Fish Wrap: Say, Those Insurance Fixes Don’t Work Too Well In New York

Apparently, the Times is interested in dropping a few bombshells this weekend. First you have the “Gates Says U.S. Lacks Strategy to Curb Iran’s Nuclear Drive,” which others have covered, and then there is this, which basically says that the provisions of ObamaCare are doomed to failure

When her small executive search firm in New York City canceled its health insurance policy last year because of the recession and rising premiums, April Welles was able to buy her own plan and still be covered for her cancer and multiple sclerosis.

She was lucky to live in New York, one of the first states to require insurance companies to offer comprehensive coverage to all people regardless of pre-existing conditions. But Ms. Welles, 58, also pays dearly: Her premium is $17,876 a year.

“That’s a lot of groceries,” she said.

New York’s insurance system has been a working laboratory for the core provision of the new federal health care law – insurance even for those who are already sick and facing huge medical bills – and an expensive lesson in unplanned consequences. Premiums for individual and small group policies have risen so high that state officials and patients’ advocates say that New York’s extensive insurance safety net for people like Ms. Welles is falling apart.

Unplanned consequences. The entire craptastic piece of legislation is a lesson in unplanned consequences. Heck, even the parts that are planned, namely, those that force or incentive people and companies to dump their insurance and purchase through the exchange, are having consequences, such as companies like AT&T, Verizon, and Caterpillar reporting non-cash hits. You can bet your bottom dollar – which Uncle Barack will be soon taking – that there will be plenty more “un-planned consequences.”

The problem stems in part from the state’s high medical costs and in part from its stringent requirements for insurance companies in the individual and small group market. In 1993, motivated by stories of suffering AIDS patients, the state became one of the first to require insurers to extend individual or small group coverage to anyone with pre-existing illnesses.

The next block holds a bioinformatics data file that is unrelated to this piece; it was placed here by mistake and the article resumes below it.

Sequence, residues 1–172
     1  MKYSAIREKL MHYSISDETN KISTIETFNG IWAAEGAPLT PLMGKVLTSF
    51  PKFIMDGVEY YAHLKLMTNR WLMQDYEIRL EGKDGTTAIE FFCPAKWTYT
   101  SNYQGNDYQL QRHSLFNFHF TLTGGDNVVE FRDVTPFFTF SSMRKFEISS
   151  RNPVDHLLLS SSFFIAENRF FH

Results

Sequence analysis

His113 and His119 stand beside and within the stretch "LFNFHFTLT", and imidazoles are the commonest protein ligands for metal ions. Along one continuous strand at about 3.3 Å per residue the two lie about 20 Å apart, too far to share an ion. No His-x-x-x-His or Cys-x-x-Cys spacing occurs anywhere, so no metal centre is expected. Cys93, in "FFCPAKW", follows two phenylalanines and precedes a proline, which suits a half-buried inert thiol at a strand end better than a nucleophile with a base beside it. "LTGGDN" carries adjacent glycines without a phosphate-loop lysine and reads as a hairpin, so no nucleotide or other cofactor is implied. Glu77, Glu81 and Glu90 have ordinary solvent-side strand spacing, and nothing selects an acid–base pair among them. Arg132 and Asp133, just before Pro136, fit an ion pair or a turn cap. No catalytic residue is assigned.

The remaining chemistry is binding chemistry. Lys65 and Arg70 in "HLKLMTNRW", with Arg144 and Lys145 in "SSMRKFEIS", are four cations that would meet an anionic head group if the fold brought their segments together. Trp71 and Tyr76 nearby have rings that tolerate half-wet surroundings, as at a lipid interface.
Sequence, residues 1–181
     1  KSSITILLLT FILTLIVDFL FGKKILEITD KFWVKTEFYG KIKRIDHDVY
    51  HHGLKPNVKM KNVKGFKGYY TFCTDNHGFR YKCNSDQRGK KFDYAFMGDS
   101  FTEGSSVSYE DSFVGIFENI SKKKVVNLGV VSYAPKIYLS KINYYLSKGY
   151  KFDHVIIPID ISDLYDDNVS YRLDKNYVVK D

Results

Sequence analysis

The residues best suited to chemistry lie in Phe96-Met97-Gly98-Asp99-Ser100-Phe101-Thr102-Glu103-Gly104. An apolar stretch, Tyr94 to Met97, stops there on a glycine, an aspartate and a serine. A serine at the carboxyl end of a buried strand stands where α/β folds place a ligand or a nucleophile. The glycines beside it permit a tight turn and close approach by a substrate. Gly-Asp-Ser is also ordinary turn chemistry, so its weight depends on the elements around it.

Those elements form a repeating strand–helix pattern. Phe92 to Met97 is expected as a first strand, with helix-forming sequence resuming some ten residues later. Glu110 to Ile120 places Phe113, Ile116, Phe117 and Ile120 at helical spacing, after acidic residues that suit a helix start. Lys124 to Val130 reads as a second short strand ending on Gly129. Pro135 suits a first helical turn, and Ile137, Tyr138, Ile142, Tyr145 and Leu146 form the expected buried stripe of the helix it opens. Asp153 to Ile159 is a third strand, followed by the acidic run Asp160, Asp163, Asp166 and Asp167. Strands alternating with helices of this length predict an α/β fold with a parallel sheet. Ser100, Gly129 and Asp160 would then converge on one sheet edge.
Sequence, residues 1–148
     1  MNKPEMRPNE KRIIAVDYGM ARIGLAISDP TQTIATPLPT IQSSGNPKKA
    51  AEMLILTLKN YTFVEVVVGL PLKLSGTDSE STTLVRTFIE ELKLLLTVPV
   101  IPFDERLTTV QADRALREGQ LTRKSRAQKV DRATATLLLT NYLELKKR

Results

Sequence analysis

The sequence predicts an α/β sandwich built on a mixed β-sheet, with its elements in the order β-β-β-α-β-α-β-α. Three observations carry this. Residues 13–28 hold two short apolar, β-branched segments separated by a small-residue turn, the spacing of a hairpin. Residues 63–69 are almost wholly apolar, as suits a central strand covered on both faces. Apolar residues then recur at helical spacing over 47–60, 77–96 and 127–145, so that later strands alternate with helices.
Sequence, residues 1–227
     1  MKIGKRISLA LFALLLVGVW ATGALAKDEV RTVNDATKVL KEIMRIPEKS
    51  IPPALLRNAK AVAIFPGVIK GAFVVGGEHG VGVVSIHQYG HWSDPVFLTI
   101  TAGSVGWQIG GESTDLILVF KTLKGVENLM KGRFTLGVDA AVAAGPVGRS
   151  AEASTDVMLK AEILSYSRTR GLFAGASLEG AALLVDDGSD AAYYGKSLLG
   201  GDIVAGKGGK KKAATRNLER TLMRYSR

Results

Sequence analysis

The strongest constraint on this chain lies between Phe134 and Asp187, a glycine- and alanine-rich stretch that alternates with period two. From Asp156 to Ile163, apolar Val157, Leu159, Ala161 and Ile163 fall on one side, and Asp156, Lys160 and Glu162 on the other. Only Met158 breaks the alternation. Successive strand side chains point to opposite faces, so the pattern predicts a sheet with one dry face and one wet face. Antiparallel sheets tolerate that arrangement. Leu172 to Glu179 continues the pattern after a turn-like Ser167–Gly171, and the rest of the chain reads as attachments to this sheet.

New York also became one of the few states that require insurers within each region of the state to charge the same rates for the same benefits, regardless of whether people are old or young, male or female, smokers or nonsmokers, high risk or low risk.

Healthy people, in effect, began to subsidize people who needed more health care. The healthier customers soon discovered that the high premiums were not worth it and dropped out of the plans. The pool of insured people shrank to the point where many of them had high health care needs. Without healthier people to spread the risk, their premiums skyrocketed, a phenomenon known in the trade as the “adverse selection death spiral.”

Hey, I wonder what would happen if New York allowed insurers to charge according to risk, stopped requiring insurers to cover every type of medical condition for every person. They could, say, not require Hysterectomy coverage for 18 year old men. Just imagine if there were nationwide pools for small businesses and individuals. I wonder if anyone has made any of those suggestions, among others?

“You have a mandate that’s accessible in theory, but not in practice, because it’s too expensive,” said Mark P. Scherzer, a consumer lawyer and counsel to New Yorkers for Accessible Health Coverage, an advocacy group. “What you get left clinging to the life raft is the population that tends to have pretty high health needs.”

And there in lies the problem with liberal policies: they are long on theory, but, rarely actually work. The Left is more interested in good intentions. Positive results? Not so much. Witness their 40+ year “War on Poverty,” which has been a miserable failure. New York has the highest premiums in the country. With ObamaCare, they will soon have the other 57 states, er, 49, join them.

Crossed at Pirate’s Cove. Follow me on Twitter @WilliamTeach

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